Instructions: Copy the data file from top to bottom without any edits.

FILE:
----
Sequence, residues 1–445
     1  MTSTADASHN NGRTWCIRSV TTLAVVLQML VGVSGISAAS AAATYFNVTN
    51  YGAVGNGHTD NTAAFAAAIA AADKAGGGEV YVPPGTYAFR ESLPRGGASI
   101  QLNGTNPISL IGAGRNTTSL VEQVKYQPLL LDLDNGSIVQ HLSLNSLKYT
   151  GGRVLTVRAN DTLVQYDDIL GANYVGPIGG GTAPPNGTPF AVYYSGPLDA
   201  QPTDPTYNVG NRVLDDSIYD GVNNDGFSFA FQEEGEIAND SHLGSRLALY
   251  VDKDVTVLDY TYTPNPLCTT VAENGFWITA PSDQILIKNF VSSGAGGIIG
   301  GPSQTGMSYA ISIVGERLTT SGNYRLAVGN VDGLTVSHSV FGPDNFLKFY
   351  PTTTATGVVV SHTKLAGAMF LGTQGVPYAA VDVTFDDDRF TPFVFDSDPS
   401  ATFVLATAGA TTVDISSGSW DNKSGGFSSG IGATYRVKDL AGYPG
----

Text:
Sequence, residues 1–445
     1  MTSTADASHN NGRTWCIRSV TTLAVVLQML VGVSGISAAS AAATYFNVTN
    51  YGAVGNGHTD NTAAFAAAIA AADKAGGGEV YVPPGTYAFR ESLPRGGASI
   101  QLNGTNPISL IGAGRNTTSL VEQVKYQPLL LDLDNGSIVQ HLSLNSLKYT
   151  GGRVLTVRAN DTLVQYDDIL GANYVGPIGG GTAPPNGTPF AVYYSGPLDA
   201  QPTDPTYNVG NRVLDDSIYD GVNNDGFSFA FQEEGEIAND SHLGSRLALY
   251  VDKDVTVLDY TYTPNPLCTT VAENGFWITA PSDQILIKNF VSSGAGGIIG
   301  GPSQTGMSYA ISIVGERLTT SGNYRLAVGN VDGLTVSHSV FGPDNFLKFY
   351  PTTTATGVVV SHTKLAGAMF LGTQGVPYAA VDVTFDDDRF TPFVFDSDPS
   401  ATFVLATAGA TTVDISSGSW DNKSGGFSSG IGATYRVKDL AGYPG